Fire ban goes into effect Thursday for Grand County; fire danger currently moderate
- Open burning and open fires including campfires, recreational fires, cooking fires and portable outdoor fires among others.
- Smoking, except within an enclosed vehicle or building, at developed recreation sites, or in areas with at least a six-foot diameter of barren ground.
- Use of chainsaws without approved spark arrestors.
- The operation of welding or acetylene torches except when used in areas with at least a 10-foot diameter of barren ground.
- Fireworks except for professional fireworks displays.
- Professional fireworks displays.
- Liquid or gas fueled appliances.
- Permanent or portable outdoor fireplaces, barbecue pits or charcoal grills at private residences or in developed parks or campgrounds.
Fire restrictions will be in place later this week across Grand County following the decision made Tuesday by county commissioners to approve a stage one fire ban for the area until further notice.
The ban, which goes into effect at 4 p.m. Thursday, restricts open burning and open fires including campfires, recreational fires, cooking fires and portable outdoor fires among others. Smoking, except within an enclosed vehicle or building, at developed recreation sites, or in areas with at least a six-foot diameter of barren ground, is also restricted.
The use of chainsaws without approved spark arrestors is also banned along with the operation of welding or acetylene torches except when used in areas with at least a 10-foot diameter of barren ground.
Professional fireworks displays, liquid or gas fueled appliances and permanent or portable outdoor fireplaces, barbecue pits or charcoal grills at private residences or in developed parks or campgrounds are still permitted under the stage one restrictions.
Though the restrictions are made for unincorporated Grand County, the towns of Granby, Winter Park, Fraser and Grand Lake automatically adopt whatever fire restrictions the county imposes, and Kremmling has instituted its own stage one restrictions, meaning Thursday’s restrictions will apply to the entire county.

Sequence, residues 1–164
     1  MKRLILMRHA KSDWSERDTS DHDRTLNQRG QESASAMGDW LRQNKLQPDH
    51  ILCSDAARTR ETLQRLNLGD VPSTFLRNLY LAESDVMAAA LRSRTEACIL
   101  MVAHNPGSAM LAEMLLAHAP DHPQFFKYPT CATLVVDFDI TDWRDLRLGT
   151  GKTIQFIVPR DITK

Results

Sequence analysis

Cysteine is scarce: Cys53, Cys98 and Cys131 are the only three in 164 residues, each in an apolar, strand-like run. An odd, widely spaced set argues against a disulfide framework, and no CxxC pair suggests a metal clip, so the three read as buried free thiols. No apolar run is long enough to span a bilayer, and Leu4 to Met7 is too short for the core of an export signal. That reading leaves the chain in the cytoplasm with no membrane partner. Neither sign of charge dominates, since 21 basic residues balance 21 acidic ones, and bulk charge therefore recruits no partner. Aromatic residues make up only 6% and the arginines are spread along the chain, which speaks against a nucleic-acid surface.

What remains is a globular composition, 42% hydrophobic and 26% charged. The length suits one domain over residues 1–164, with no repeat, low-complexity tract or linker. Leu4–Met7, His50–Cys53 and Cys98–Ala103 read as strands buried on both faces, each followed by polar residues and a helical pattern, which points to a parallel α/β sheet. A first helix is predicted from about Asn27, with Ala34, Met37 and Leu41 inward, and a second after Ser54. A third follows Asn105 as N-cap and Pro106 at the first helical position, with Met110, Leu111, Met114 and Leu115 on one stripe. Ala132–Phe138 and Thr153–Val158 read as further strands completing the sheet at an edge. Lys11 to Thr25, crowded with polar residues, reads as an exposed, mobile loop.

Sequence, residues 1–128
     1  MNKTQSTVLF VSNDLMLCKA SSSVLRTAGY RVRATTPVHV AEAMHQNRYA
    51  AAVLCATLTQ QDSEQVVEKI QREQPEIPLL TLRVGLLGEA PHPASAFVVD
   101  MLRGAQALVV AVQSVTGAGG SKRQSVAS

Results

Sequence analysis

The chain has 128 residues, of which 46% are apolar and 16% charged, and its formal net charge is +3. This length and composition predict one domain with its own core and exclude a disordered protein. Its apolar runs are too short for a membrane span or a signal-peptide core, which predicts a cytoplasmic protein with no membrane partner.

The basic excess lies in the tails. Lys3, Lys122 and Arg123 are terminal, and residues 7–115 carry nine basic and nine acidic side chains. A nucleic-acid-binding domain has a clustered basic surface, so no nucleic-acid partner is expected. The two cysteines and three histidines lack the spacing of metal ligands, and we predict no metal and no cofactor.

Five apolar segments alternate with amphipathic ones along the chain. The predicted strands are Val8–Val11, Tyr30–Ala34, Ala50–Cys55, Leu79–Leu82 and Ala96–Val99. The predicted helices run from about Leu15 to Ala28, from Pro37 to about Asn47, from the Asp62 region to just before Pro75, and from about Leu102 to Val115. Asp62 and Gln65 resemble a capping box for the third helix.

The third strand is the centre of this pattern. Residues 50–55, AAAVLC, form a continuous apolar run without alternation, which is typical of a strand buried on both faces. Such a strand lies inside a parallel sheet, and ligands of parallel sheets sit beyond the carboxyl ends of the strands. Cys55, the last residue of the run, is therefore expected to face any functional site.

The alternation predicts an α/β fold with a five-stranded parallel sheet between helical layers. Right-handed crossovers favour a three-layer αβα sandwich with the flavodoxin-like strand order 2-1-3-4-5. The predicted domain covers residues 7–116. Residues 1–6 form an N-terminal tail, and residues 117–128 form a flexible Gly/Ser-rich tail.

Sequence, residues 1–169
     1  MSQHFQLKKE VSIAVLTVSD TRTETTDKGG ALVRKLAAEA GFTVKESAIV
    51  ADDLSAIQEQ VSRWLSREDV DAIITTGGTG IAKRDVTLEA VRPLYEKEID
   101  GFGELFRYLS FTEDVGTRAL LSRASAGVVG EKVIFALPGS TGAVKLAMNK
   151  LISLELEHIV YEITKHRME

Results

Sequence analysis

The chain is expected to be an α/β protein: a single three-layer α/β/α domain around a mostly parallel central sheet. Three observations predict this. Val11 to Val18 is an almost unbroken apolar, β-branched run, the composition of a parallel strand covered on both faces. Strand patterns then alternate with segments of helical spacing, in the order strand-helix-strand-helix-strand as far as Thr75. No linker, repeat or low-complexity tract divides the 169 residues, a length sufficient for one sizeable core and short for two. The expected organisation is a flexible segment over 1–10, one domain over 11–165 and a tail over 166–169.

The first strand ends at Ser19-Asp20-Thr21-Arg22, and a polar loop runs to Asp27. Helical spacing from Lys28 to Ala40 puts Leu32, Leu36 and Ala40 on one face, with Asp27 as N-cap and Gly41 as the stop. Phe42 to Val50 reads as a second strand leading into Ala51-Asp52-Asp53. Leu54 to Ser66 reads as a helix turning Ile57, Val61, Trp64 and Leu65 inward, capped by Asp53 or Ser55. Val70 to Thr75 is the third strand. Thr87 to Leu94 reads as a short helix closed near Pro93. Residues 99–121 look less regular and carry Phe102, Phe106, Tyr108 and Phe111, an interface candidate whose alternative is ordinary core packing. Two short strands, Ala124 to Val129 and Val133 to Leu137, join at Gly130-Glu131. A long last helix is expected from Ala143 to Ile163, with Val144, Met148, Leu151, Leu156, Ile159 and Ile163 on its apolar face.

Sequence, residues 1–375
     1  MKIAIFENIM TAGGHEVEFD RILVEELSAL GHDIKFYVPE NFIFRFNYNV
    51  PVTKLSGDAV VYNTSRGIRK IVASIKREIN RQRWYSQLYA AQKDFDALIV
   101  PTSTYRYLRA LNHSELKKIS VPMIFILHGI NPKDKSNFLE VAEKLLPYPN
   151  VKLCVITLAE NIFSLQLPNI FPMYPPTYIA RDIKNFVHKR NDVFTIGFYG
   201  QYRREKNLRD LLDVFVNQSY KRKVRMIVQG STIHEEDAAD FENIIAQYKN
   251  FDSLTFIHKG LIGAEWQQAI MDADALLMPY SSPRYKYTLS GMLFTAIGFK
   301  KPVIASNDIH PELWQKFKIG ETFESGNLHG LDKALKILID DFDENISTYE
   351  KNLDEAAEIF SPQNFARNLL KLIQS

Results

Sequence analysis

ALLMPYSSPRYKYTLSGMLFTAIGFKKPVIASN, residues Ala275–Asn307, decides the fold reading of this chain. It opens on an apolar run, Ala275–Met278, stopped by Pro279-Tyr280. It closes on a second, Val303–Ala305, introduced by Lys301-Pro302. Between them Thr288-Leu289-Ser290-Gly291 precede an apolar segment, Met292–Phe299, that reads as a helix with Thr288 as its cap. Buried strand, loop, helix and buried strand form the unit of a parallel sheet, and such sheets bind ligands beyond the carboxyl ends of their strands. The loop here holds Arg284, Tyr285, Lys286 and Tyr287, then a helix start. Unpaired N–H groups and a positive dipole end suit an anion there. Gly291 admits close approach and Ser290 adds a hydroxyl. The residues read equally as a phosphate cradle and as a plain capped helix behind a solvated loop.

The Bureau of Land Management and Routt National Forest have also implemented stage one fire restrictions for lands in Grand County.
Grand County’s commissioners held a conference call with local fire officials, a representative of the U.S. Forest Service and Grand County Sheriff Brett Schroetlin during their regular meeting Tuesday afternoon to discuss the potential for adopting a fire ban. At the outset of the discussion, Schroetlin noted that the Standardized Federal Fire Matrix — a formalized checklist fire officials rely upon when determining the need for fire restrictions — currently does not meet levels necessitating fire restrictions.
If thresholds are met in at least four of the seven categories on the fire matrix, officials will typically look to implement fire restrictions. Grand County currently only meets three of the factors, according to Schroetlin.
While several surrounding counties have made the decision to institute fire restrictions, Schroetlin said decisions made by other counties should not affect the decision made for Grand County. He initially recommended against instituting a fire ban, due in large part to the fire matrix.
Brad White and Schelly Olson of the Grand Fire Protection District echoed Schroetlin’s recommendation against implementing a ban.
Fire danger in Grand County, as reported by the Craig Interagency Dispatch Center on Tuesday, stood at moderate. Though White said he believed conditions could worsen over the remainder of the week, leading into the Fourth of July next Wednesday. Weather forecasts, however, show a potential for rain early next week that could improve the fire outlook.
“We are happy to support whatever needs to happen,” White said, as he and Olson told commissioners that Grand County is getting close to the point where indicators and fire danger levels would warrant restrictions.
U.S. Forest District Ranger John Morrissey told commissioners that Forest Service personnel have encountered a high number of unattended and abandoned campfires recently, which he highlighted as a significant concern.
Why the timing?
Grand County is a popular destination for residents and visitors over the Fourth of July holiday, which brings an increased risk for fires.
County commissioners, who regularly meet on Tuesdays, will not have a meeting July 3 due to the holiday so this week was the final chance for them to approve restrictions without an emergency meeting.
Commissioner Merrit Linke stressed his concerns about potential fire outbreaks and said he would like to see stage one restrictions implemented, and that waiting to implement a ban ahead of the busy weekend and week would limit time to educate the public on the restrictions.
“What we don’t want to do is slam the brakes on early next week,” White said. “If we are going to do restrictions this is the week to do it.”
Schroetlin reiterated White’s point.
“We are not at the level of restrictions in my mind yet, however taking into account the busy weekend and weather, I’d rather err on the side of caution,” Schroetlin said. “Don’t do it last minute.”
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